"One cannot create happiness with beautiful objects, but one can spoil quite a lot of happiness with bad ones." – Finn Juhl|
Frederiksberg, Denmark witnessed the birth of furniture designer Finn Juhl on January 20, 1912. The son of textile wholesaler, Finn Juhl enjoyed the Royal Museum of Fine Arts and could be found there quite often. He wanted to be an art historian, but his father’s practical thinking prodded him into attending the Royal Academy of Arts instead. Often looked upon as a very quiet man, Finn Juhl earned himself an architect degree which he later used to design interiors such as those found in the chambers of the UN in New York City. His furniture designs, especially his chairs, are what he is truly remembered for and secured his place in modernism design.
Finn Juhl worked in the offices of architect Vilhelm Laritzen for 11 years, learning what it was like to be an architect and giving him the experience he needed later down the road. He won an award for designing his own home in 1942 and while working for Laritzen, Finn Juhl had the opportunity to also work with Viggo Boesen on the Danish Broadcasting Corporation’s Radio Building. Finn Juhl is not credited for designing this building, but every aspect of design – especially the interior – was heightened in the building, leaving his mark on it for evermore. He left Laritzen’s firm to open his own in 1945, turning his attention on interior design and furniture. He had been exhibiting his own designs prior to leaving the architect firm, including one in conjunction with cabinetmaker Niels Vodder that was displayed at the 11th Annual Copenhagen Cabinetmaker’s Guild.
Finn Juhl liked organic looks and feels and this style was pioneering in the 1930s. His furniture was designed using various structural elements that showcased the tensions and forces that acted upon the furniture in a dramatic light. His trademark was the showcasing of the differences between the framework of the piece and the areas that supported the body. The concept of a person ‘floating’ in the seat surface was developed by Finn Juhl and considered one of his many great inventions in furniture design. He also enjoyed the way wood could be sculpted and many of his pieces – such as the ‘Pelican’ chair – were inspired by ethnographic primitive mystique, surrealism, and the passion to create products that were unique yet functional.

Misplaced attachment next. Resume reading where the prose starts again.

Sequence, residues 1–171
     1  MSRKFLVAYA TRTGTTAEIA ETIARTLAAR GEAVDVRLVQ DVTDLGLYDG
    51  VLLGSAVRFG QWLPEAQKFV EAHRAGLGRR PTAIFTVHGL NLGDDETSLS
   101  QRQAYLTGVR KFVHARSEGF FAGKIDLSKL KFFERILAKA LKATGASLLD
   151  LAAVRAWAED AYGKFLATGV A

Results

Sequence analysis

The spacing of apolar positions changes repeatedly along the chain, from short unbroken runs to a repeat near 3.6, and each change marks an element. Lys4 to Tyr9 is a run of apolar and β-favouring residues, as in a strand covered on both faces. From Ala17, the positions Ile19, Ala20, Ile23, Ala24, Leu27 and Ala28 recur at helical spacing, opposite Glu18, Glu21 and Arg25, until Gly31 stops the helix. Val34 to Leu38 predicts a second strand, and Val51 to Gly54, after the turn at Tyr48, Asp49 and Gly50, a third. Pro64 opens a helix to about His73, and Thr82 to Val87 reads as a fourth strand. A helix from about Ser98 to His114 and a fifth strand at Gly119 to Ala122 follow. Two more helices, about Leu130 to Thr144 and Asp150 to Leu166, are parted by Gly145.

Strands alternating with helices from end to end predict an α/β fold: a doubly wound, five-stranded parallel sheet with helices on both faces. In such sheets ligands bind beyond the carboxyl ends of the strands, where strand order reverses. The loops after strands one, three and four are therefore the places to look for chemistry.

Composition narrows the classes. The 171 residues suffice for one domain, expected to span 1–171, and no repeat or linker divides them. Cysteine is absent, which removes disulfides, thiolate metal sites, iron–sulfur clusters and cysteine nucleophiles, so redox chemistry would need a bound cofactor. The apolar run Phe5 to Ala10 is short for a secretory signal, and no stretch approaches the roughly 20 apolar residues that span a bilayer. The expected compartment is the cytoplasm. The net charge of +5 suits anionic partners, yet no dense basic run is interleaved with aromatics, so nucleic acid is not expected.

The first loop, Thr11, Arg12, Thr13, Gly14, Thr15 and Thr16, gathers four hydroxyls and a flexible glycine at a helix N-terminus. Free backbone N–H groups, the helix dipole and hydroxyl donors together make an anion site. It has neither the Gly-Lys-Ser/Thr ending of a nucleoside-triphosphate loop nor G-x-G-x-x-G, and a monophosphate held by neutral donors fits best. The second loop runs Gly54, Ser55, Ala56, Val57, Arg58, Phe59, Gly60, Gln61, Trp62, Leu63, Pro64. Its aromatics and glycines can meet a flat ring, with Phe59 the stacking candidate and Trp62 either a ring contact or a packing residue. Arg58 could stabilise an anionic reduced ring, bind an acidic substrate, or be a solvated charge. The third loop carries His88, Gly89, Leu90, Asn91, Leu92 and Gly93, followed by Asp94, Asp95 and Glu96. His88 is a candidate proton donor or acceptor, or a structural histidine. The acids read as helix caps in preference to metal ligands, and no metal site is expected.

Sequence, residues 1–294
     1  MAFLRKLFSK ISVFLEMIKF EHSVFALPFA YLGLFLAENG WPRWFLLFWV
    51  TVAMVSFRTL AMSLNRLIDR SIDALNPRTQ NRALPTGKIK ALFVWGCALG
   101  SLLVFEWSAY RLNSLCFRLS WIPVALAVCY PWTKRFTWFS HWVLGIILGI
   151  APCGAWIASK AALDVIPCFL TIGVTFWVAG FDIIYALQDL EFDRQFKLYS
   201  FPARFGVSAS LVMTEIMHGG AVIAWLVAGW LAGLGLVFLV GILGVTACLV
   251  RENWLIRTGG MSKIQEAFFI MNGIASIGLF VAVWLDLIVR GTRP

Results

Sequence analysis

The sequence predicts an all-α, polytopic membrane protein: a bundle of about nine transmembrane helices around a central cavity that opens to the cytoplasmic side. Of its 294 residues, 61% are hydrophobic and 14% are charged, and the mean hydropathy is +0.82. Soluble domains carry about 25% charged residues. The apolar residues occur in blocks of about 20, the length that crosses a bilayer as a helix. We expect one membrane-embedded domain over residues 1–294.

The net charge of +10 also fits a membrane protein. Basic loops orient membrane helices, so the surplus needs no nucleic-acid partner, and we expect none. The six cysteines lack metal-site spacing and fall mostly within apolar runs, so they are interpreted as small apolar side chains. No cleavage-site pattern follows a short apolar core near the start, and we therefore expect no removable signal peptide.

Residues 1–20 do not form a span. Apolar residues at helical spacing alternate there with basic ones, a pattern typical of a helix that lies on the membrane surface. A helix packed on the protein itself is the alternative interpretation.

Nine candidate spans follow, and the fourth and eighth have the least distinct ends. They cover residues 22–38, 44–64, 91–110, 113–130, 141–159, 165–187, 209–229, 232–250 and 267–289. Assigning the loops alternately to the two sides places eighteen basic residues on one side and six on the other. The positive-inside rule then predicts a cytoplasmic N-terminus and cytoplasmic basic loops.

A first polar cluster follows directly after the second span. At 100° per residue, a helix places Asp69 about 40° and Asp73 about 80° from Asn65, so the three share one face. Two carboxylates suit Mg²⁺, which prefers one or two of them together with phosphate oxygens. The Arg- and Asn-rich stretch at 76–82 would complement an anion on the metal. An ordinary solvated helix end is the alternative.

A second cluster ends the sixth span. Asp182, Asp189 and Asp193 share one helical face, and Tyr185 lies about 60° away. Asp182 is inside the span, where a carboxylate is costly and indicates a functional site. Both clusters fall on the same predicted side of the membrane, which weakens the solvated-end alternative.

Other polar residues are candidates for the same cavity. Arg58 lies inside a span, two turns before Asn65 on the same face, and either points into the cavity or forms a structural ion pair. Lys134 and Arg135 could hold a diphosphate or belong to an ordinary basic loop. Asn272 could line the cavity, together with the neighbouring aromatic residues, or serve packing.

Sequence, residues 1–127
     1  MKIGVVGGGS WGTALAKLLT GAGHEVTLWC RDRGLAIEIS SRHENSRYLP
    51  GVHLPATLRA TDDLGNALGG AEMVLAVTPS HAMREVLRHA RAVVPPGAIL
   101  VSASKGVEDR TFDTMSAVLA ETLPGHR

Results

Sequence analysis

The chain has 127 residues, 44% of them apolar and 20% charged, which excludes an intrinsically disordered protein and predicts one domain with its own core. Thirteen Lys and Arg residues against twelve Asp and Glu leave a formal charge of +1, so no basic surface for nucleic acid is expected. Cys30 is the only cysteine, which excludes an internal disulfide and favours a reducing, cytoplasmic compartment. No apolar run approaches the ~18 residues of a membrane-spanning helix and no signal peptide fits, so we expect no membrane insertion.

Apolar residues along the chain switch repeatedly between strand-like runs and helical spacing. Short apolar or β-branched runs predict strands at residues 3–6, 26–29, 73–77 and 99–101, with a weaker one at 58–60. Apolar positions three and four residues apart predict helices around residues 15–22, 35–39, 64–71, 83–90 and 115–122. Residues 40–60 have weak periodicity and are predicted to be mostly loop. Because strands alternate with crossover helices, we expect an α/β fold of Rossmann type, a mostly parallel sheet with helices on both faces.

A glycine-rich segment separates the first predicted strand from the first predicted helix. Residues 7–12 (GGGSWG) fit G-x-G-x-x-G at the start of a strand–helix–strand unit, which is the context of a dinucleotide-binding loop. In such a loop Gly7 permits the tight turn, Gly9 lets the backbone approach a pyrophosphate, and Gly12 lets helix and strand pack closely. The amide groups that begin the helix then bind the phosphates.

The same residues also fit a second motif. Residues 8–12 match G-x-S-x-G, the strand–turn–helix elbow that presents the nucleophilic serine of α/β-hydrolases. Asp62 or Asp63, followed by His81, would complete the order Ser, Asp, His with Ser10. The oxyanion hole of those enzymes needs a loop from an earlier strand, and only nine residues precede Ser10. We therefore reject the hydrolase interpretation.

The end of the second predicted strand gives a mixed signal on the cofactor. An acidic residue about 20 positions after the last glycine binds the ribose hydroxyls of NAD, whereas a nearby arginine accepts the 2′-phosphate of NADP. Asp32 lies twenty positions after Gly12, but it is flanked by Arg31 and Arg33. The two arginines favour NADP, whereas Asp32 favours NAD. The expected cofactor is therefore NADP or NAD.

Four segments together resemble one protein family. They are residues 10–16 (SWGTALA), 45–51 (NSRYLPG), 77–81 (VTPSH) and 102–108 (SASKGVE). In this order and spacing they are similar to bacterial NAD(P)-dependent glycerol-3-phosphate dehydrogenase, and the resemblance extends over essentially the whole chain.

Finn Juhl’s designs eventually turned towards mass market appeal that was beautiful, classic, sturdy and affordable. Many of those pieces were produced by Niels Vodder who worked with Finn Juhl for 22 years after their initial collaboration. The furniture won Finn Juhl 16 different guild competitions. He became well known in the United States and he began lecturing on interior design at the Frederiksberg Technical School. He and his products were featured in ‘Interiors’ magazine and he took part in the 1951 ‘Good Design’ show in Chicago, US.
Finn Juhl passed away in 1989, but his memory is still very evident in the Danish furniture market. He has been credited for the country’s success in exports, and he had no problem pushing the limits of the Danish design community during his life’s work.
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Article Added on Friday, October 10, 2008
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